A dumb mistake by the White House raises a question with as many answers as there are Jews: What makes a Jewish hero, anyway?
In a Jewish Heritage Month proclamation, someone in the administration thought it would be a good idea to mention Aaron Copland, Albert Einstein, Louis Brandeis — and Gertrude Stein? Bad timing: Thanks to a major exhibit of her famed art collection at the Metropolitan Museum of Art, a number of prominent Jews — Alan Dershowitz among them — pointed out her very, very sketchy reputation as a Vichy sympathizer during the Nazi occupation of France. Hardly a proud Jew to begin with, Stein suggested in 1934 that Hitler should receive the Nobel Prize, became a fan of Vichy’s collaborationist leader Marshall Petain, and rode out the occupation thanks to her friend and protector, the collaborator and Nazi agent Bernard Fay. Like the White House, the Met heeded the complaints and has agreed to add signage at the exhibit referring to this noisome history.
You can well wonder, however, what a figure as assimilated and deracinated as Stein was doing on a list of Jewish role models in the first place. Partly it is our own fault: We often raise on pedestals Jews whose own sense of Jewish identity is meager, so long as they reflect well on us. You can also blame the Nazis and other anti-Semites: Who are we to count out of the community people who would be persecuted because of their background, however attenuated? Compare Stein to Irene Nemirovsky, another Parisian intellectual who cast off her Jewish identity but who would nonetheless be killed in Auschwitz. Should we claim her as a Jewish novelist? Dare we not?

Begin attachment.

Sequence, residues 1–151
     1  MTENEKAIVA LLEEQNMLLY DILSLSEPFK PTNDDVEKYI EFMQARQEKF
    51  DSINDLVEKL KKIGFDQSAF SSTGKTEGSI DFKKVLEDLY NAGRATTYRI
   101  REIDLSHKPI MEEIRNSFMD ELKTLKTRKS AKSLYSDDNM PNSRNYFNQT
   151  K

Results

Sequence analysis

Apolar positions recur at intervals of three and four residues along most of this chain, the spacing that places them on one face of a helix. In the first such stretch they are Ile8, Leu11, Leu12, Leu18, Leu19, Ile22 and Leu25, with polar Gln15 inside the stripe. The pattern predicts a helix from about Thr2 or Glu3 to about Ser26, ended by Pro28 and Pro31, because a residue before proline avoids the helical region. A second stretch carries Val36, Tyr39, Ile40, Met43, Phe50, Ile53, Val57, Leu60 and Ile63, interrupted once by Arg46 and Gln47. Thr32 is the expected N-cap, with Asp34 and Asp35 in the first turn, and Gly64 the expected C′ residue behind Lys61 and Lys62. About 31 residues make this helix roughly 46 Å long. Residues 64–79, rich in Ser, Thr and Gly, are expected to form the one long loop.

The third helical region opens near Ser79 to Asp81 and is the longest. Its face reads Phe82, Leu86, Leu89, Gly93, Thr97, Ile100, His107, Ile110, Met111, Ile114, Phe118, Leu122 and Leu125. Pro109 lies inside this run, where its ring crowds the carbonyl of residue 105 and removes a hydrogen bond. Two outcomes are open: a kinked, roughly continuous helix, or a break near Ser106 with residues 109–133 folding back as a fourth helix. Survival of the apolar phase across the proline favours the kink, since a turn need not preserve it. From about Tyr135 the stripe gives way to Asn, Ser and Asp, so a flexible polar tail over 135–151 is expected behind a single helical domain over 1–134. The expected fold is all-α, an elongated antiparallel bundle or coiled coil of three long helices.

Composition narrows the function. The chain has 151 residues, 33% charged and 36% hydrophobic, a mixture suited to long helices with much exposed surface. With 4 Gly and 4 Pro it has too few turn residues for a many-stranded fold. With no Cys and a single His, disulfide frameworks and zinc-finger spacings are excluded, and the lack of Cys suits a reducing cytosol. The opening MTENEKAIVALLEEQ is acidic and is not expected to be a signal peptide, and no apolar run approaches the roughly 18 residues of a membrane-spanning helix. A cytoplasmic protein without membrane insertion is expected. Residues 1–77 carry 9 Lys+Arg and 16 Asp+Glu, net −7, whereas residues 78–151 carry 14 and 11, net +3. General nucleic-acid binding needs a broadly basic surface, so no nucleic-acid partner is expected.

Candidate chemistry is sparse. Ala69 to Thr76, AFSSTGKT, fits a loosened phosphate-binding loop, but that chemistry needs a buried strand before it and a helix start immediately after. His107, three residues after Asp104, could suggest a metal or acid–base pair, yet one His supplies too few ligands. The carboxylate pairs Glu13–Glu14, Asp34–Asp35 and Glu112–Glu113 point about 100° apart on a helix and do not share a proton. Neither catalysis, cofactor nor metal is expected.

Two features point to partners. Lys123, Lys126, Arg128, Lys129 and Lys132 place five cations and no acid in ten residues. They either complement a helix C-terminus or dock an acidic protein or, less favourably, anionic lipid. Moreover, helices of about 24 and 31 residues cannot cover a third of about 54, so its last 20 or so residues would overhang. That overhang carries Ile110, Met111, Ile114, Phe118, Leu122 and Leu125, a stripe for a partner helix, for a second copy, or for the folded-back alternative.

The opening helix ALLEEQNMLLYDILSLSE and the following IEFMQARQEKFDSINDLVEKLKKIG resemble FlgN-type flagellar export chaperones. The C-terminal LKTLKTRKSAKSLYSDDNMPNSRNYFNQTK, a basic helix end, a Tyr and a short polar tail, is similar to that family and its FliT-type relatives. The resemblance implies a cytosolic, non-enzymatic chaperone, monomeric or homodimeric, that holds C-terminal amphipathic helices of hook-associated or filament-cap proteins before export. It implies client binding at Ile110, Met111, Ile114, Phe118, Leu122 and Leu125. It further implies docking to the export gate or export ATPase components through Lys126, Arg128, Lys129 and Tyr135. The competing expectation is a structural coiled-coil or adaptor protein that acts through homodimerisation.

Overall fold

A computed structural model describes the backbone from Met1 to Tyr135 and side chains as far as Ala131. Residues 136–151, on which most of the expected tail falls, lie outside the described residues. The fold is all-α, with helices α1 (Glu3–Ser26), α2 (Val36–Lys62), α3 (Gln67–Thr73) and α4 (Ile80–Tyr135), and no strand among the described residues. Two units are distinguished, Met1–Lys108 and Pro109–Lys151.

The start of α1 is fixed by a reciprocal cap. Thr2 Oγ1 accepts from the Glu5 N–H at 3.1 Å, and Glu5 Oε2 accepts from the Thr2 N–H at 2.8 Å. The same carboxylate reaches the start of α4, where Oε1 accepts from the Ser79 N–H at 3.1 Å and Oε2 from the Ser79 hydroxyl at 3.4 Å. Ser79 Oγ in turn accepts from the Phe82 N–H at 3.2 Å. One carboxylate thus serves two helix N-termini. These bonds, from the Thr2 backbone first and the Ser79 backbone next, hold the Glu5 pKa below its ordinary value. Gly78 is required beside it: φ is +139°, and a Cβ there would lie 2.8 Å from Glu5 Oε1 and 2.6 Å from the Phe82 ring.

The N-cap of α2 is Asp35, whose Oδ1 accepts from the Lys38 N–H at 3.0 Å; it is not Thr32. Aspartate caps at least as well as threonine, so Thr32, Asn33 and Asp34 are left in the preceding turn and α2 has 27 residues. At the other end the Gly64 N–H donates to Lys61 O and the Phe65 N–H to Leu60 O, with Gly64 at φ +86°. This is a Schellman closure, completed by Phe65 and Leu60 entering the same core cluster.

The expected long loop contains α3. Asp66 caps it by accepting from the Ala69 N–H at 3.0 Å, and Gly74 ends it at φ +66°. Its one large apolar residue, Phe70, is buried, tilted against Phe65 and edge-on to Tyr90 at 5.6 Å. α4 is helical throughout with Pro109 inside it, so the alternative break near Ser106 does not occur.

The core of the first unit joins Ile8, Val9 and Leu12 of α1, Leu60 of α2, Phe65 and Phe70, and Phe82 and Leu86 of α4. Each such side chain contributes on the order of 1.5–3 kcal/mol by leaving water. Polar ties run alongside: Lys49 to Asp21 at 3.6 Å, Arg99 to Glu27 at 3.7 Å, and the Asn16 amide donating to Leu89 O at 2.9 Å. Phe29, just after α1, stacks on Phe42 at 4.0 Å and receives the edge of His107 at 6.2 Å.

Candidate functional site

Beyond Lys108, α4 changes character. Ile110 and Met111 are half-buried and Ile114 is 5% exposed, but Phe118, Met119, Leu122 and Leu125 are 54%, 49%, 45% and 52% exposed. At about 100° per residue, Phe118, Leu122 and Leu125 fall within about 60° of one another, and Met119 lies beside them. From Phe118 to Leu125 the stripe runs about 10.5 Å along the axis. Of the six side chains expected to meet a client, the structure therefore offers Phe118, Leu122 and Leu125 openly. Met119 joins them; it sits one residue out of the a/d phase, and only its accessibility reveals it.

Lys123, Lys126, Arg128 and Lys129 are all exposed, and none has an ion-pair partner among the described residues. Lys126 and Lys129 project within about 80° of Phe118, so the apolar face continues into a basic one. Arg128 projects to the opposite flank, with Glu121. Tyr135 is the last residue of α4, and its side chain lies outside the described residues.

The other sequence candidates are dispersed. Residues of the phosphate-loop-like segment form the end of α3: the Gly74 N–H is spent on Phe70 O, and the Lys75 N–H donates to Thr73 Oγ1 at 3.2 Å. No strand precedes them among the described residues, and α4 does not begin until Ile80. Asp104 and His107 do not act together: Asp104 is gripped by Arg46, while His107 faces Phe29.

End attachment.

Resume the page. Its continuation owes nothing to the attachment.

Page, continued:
Jewish identity and self-expression are elastic to begin with, so it has always done us good to pitch a big tent. But how big? Copland is better known for his lush prairie anthems than anything he did or said Jewishly. But his very presence on the classical stage brought credit to his people. I would say that so long as you don’t actually renounce or deny your own Jewish identity, you have a place in the Jewish conversation.
Which doesn’t mean it is an important place. I think the real Jewish heroes aren’t just good for the Jews, but there for the Jews. It’s not about belief or practice or affiliation but rather about a sense of family. Peoplehood means you consider yourself part of the family, and feel a sense of obligation and love for its members in good times and bad. It means you may drift away at times, but you stay in touch — and when you do come back, the family welcomes you home.